UCAN needs your support
You are why we do what we do - report, describe, comment, review. It is to bring to your eyes just what life is like for believers across Asia that we publish UCAN.
But as you know, the effort needs to be sustained if it is to have continuing effect.
UCAN publishes some 150 stories a week in four languages across six websites. We are grateful to benefactors in Europe and the US who support us. But those countries and the Church there are under increasing financial strain and their generosity no longer covers our costs.
We need financial help from our readers to sustain our efforts. Our reporters, editors, video producers and photographers all have families and we need to support them. They do excellent jobs, but they can't do their jobs for nothing.
Will you help us to sustain UCAN? Please click here to help.
Thanks in anticipation.
Fr. Michael Kelly SJ
US slammed by Pakistan over drone strikes
Criticism follows Taliban leader's death
Prime Minister Nawaz Sharif, right, criticized US drone strikes on Pakistan soil (Aamir Qureshi / AFP)
- ucanews.com reporter, Islamabad
- November 5, 2013
Prime Minister Nawaz Sharif on Monday denounced the continuation of US drone strikes as ‘unfortunate and deplorable’ in the wake of the killing of Pakistani Taliban leader Hakimullah Mehsud in a US missile strike in North Waziristan last week.
Sharif said the ongoing use of drones indicates that Pakistan’s attempts to establish durable peace and the permanent elimination of terrorism has not been given due recognition.
Mehsud, who had a $US5 million bounty on his head, was killed the day before the Pakistani government was due to send a three-member delegation to start formal peace talks with the militant group.
Reacting strongly to the drone attack, Tehreek-e-Taliban Pakistan, an umbrella group of various militant outfits, called off the talks and vowed to avenge Mehsud’s death.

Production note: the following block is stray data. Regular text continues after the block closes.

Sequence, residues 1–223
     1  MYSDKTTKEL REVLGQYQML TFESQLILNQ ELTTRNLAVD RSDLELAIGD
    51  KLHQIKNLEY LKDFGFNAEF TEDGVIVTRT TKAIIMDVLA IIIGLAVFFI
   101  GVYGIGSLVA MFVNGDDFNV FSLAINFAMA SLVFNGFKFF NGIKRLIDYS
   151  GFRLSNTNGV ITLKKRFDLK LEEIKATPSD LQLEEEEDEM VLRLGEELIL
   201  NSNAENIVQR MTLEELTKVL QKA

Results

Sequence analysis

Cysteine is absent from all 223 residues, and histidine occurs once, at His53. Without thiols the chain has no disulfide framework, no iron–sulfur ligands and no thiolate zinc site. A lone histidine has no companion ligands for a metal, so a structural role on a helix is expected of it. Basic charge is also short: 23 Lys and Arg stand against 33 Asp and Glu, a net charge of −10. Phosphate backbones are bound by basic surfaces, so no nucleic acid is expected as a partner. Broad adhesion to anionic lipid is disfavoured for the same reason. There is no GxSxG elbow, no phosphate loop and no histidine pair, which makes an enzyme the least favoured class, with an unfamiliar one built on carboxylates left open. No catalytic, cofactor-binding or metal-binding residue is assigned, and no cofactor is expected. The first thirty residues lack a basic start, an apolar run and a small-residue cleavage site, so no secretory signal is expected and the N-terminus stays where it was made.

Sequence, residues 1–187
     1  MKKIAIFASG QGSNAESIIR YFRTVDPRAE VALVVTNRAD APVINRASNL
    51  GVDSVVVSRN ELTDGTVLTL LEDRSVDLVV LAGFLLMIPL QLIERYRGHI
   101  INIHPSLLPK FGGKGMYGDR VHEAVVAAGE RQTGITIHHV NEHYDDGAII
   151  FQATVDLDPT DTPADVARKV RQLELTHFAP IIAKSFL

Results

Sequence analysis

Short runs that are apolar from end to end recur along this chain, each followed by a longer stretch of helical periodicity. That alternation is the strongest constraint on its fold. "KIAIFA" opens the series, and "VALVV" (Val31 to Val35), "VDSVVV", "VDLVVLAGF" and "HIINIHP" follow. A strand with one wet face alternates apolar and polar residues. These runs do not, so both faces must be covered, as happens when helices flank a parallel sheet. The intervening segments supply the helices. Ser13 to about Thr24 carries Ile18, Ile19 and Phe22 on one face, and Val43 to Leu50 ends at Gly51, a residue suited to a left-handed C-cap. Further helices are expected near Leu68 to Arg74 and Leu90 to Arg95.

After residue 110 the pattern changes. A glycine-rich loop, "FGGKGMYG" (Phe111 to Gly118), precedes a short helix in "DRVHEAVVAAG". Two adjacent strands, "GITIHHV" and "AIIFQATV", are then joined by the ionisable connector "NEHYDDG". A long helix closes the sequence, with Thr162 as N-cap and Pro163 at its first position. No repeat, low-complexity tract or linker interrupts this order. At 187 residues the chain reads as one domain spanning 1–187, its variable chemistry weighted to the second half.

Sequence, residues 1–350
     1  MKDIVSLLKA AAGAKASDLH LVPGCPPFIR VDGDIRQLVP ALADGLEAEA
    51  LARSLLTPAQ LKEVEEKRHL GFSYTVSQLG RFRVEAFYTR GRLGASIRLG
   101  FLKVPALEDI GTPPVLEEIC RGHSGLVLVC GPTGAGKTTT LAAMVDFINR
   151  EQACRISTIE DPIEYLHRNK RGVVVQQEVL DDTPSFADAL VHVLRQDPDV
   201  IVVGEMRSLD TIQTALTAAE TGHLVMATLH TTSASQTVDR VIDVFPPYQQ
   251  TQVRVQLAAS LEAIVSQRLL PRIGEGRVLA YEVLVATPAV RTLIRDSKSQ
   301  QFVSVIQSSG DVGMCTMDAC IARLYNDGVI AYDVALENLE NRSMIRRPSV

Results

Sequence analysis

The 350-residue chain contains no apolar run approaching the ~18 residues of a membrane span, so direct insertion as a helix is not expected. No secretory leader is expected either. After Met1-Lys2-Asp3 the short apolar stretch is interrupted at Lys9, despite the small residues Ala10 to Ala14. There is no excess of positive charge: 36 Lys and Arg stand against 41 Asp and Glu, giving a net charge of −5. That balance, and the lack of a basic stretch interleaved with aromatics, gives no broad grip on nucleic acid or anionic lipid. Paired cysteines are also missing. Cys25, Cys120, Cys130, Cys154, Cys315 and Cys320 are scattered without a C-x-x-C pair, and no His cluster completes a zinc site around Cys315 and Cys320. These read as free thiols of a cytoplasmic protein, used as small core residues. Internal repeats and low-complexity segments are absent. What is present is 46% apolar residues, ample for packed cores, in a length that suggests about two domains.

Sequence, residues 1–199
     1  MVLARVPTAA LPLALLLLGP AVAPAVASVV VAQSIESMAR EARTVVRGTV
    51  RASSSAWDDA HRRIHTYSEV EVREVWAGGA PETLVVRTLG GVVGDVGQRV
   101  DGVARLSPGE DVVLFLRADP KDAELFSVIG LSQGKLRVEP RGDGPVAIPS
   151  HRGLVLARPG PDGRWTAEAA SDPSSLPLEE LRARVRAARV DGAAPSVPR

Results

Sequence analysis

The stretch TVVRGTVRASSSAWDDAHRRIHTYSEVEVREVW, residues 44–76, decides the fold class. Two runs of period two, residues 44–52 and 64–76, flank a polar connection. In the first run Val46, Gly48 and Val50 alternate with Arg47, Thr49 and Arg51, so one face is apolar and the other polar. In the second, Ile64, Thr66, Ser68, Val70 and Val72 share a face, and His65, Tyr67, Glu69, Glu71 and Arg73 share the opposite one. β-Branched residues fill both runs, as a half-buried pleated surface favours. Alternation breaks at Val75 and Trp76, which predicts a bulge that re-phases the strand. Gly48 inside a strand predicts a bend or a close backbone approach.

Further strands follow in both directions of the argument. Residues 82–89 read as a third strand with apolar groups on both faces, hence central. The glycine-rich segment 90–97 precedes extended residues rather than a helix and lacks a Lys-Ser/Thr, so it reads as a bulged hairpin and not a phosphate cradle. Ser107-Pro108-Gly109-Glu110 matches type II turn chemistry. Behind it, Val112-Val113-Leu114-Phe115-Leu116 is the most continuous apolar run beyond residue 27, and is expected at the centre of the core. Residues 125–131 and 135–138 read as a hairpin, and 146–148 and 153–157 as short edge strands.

According to a press statement, Prime Minister Sharif summoned a special meeting of the federal cabinet to review Pakistan’s ties with the US following the collapse of peace talks.
“Amidst this scenario, the drone strike inflicted serious damage on the government’s efforts for dialogue and peace,” Sharif told the cabinet. “But we will not let the peace process be derailed.”
More than 50,000 people have been killed in militant attacks in Pakistan since the war against terrorism began following 9/11, according to Pakistani officials.
“If the efforts that we have initiated for peace, instead of bloodshed, are not to be supported, at least these should not be sabotaged. Pakistan has the right to make independent decisions in its own interest,” said Sharif.
He also told the cabinet that his government would honor the decisions taken by the All Parties Conference and carry forward the peace dialogue with Taliban.
“The international community, keeping in view the determination and unprecedented sacrifices of the people of Pakistan, is bound to support these initiatives and provide every possible backing to bring peace,” he said.
Earlier in the day, he warned that ending bloodshed and the cycle of violence in the country “cannot be done overnight, nor can it be done by unleashing senseless force against our citizens, without first making every effort to bring the misguided and confused elements of society, back to the mainstream.”
Separately, the Khyber Pakhtunkhwa Assembly passed a unanimous resolution asking Sharif to devise a policy against the drone strikes.
Cricketer-turned-politician Imran Khan, whose Justice Party is leading a coalition government in Khyber Pakhtunkhwa, announced that he would block key NATO supply routes in the province on November 20 in a bid to thwart drone strikes if the federal government failed to act to end them.